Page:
Three days after witnessing the smallest Brickyard 400 crowd in the race's 17-year history, Indianapolis Motor Speedway
CEO Jeff Belskus said he intends to cut ticket prices for about 75 percent of fans at next year's race.
"I can't deny that having as many empty seats as we had (Sunday) is a disappointment to me," he said. "But we have a lot of people here and a lot of opportunity here to rebuild this event and bring it back. It's going to take the full effort of everyone here at the speedway and at NASCAR."
Belskus' immediate plan calls for tiered pricing, which will cut prices up to $20 for seats closer to the track where sight lines are not as good. The coveted higher seats will cost more. He also plans to cut general admission prices, used for the first time this year, from $40 to $30 for advance purchase, and he will retain the new policy of allowing fans 12 and younger into the infield for free with a paying adult.
The changes are a major shift for a venue long on tradition and steeped in history.
The track that once had the toughest ticket in town and that still bills its signature race, the Indianapolis 500, as the highest-drawing single-day sporting event in the world, is now adapting to the reality of a steady decline in attendance.
Empty seats have become a regular feature of the Indy 500 and some team owners have complained track and series officials didn't do enough to promote this year's race. Track officials have never said how many seats the speedway holds, though estimated attendance for the 500 is traditionally 250,000 to 275,000.
Formula One also saw its numbers dwindle following a tire debacle in 2005 and left Indy for good in 2007.
Now, NASCAR has joined the downward trend.
After drawing approximately 270,000 fans to the 2008 race, the year of NASCAR's own tire fiasco, attendance dropped to an estimated 180,000 last year and 140,000 on Sunday. Race organizers point out this year's Brickyard numbers still rank among the three highest-attended races on the Cup circuit in 2010, and it could be higher.
"We had a lot of people here and I'm telling you that when I see the graphic on whatever newscast I'm looking at that the Daytona 500 had 175,000 people there, I'd like to debate that one with anybody," Belskus said. "I know how many seats they have. We have almost double the capacity."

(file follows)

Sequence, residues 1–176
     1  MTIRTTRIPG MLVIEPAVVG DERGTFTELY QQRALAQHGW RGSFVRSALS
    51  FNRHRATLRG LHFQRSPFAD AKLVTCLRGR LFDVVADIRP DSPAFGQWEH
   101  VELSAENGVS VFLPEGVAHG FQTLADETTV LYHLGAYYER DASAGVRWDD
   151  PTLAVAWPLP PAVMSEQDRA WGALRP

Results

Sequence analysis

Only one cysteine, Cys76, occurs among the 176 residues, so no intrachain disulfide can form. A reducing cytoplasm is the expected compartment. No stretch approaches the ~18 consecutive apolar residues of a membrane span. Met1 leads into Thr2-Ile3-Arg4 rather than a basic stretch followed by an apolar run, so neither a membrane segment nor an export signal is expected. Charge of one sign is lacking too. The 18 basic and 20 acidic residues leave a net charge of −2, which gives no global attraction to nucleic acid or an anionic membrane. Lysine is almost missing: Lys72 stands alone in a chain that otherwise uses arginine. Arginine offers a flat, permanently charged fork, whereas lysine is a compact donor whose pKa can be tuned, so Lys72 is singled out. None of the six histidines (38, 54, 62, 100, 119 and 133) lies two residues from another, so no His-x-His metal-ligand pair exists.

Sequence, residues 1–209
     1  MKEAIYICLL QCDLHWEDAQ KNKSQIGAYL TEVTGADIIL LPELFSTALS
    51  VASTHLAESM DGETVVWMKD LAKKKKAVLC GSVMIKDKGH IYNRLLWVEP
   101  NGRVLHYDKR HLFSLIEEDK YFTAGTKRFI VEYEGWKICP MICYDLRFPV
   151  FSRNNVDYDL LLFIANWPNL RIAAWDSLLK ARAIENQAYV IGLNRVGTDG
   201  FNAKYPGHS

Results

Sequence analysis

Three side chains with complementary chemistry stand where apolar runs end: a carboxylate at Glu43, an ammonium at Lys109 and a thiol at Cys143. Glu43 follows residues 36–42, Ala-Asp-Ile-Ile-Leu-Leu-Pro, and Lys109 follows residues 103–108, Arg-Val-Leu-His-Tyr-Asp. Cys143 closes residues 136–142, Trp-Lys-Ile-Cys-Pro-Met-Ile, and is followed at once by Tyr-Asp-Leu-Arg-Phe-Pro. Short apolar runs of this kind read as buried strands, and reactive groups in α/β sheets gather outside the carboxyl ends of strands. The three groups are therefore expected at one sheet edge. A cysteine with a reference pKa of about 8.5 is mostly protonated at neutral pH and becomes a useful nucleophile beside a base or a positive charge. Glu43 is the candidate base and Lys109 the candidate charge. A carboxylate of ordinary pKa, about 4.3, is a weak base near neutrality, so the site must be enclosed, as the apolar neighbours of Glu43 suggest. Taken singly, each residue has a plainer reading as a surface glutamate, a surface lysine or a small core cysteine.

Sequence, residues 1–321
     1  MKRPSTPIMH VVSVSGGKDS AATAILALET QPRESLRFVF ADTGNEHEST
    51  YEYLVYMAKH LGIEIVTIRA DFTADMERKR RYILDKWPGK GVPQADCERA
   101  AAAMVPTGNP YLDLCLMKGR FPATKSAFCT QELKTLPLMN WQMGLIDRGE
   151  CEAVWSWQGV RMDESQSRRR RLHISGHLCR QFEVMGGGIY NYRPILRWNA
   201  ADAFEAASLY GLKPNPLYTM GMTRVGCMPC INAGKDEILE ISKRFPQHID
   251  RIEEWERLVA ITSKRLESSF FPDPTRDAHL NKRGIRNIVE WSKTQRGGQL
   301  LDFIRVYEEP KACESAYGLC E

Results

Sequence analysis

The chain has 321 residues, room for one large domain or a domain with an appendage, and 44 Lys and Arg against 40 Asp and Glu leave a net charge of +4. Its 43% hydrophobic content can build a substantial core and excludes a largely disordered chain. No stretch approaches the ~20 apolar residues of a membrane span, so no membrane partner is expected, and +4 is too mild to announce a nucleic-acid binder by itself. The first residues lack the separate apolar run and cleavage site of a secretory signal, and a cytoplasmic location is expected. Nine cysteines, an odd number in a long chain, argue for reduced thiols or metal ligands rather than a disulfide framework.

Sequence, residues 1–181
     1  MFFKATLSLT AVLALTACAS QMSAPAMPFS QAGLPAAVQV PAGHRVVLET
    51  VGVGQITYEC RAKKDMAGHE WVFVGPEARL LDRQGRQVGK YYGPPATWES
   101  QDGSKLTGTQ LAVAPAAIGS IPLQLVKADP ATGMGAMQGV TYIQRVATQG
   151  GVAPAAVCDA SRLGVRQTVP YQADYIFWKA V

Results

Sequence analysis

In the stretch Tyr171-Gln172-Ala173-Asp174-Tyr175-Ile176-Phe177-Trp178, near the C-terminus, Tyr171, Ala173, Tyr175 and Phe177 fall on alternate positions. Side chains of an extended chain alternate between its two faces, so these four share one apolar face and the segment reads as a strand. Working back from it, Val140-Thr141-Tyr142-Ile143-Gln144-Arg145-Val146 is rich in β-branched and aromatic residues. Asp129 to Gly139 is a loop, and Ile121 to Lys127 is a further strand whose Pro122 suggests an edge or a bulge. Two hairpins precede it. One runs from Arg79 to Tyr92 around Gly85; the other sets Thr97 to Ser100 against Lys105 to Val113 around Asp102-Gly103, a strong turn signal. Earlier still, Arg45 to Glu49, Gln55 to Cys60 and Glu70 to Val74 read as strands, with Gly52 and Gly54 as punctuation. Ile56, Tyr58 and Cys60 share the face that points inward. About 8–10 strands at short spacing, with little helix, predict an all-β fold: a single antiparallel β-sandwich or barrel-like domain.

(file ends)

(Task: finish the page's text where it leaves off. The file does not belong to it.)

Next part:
But 13 months after Belskus replaced longtime track CEO Tony George, are things getting any better for one of the world's greatest and most versatile race tracks?
"Between 2008 and 2009, we saw a pretty good revenue decline here, and so far, in 2010, we've been steady with 2009 so I think we've seen a bottom here," Belskus said before Sunday's race.
On Wednesday, Belskus revised the estimate, saying revenue is now projected to be "down a tick" from last year.
Even the possibility of history being made by Helio Castroneves and Chip Ganassi at the 500, and Ganassi, Jimmie Johnson and Jeff Gordon at the 400 couldn't fill the grandstands.
So Belskus and his team are still facing major challenges.
Belskus implemented the 12-and-under-free policy in hopes of attracting a new generation of race fans.
"I think we need to get young people into the sport," team owner Roger Penske said last weekend. "They're playing soccer and hockey and lacrosse and we've got to get kids here. My dad brought me to my first race here (Indy) in '51, and I'm not sure if that hooked me or not. But we've got to get kids here, that's for sure."
And Belskus would consider adding a fourth race to the track schedule.
The Indy 500 isn't going anywhere, and Belskus has no doubt NASCAR will return in 2011. In fact, tickets are already being sold for the Cup race.
Next month, the Indianapolis MotoGP will return to the speedway for the third time, and the two sides are already working on an extension to the three-year contract that expires this year. Track officials also have done away with the three-day ticket package requirements from the past two years in favor of single-day tickets.
That may not be all, either.
"We've had conversations with the Grand Am folks, F1 is always on everybody's mind though at this point they're heading to Texas," Belskus said. "We've not had any conversations about a second NASCAR race, but if we can find events that fans will attend, we'll look at them."
But the biggest concern is whether the track has been left behind by a 21st century perfect storm — more races in the Midwest, the economy crisis and HD television, which allows fans to see more racing on television than it does at the speedway.
Penske says no.
But Belskus' challenge is winning back the fans who have made Indy one of the most prestigious tracks in racing.
"I think to blame it all on the economy is not appropriate, but the economy is certainly part of it," he said. "I don't know if we had become complacent with things, that may be the word, but we have to ramp up our efforts."